Sen. Rand Paul’s presidential campaign has ended, like most presidential campaigns, short of the White House. The Republican debate will be poorer without him.
Polls show substantial support for libertarian ideas in the Republican Party. Gallup found that libertarian strength in the GOP had risen from 15% in 2002 to 34% in 2012. In two surveys in 2012 and 2013, David Kirby, then at FreedomWorks, found libertarians were 35% or 41% of the party.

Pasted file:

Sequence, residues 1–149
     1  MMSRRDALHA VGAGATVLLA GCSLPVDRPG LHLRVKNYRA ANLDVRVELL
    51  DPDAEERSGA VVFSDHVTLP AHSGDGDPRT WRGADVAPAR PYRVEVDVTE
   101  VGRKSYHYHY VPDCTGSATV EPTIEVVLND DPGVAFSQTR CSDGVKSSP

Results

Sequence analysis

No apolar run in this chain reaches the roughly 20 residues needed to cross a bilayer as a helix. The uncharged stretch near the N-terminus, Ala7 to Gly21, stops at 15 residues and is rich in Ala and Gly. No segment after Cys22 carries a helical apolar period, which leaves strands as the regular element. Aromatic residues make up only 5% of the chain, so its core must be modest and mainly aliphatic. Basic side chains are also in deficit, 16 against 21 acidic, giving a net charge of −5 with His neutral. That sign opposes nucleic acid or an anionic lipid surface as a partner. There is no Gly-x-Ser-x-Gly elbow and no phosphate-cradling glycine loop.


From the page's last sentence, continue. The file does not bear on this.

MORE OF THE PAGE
Paul obviously didn’t capture that vote. The senator of Kentucky had trouble triangulating between his own strongly libertarian views and what he thought Republican voters, especially in evangelical Iowa, wanted. The rise of the Islamic State terrorist group and its bloody videos in the summer of 2014 made it more difficult to sell non-interventionist ideas on foreign policy. Donald Trump and Ted Cruzin different ways appealed to the angrier and more conservative-leaning segment of libertarians. And despite a news media perception that libertarians draw heavy support from billionaires, Paul attracted few of the seven-figure donations that flowed to Cruz, Jeb Bush, Marco Rubio and Hillary Clinton.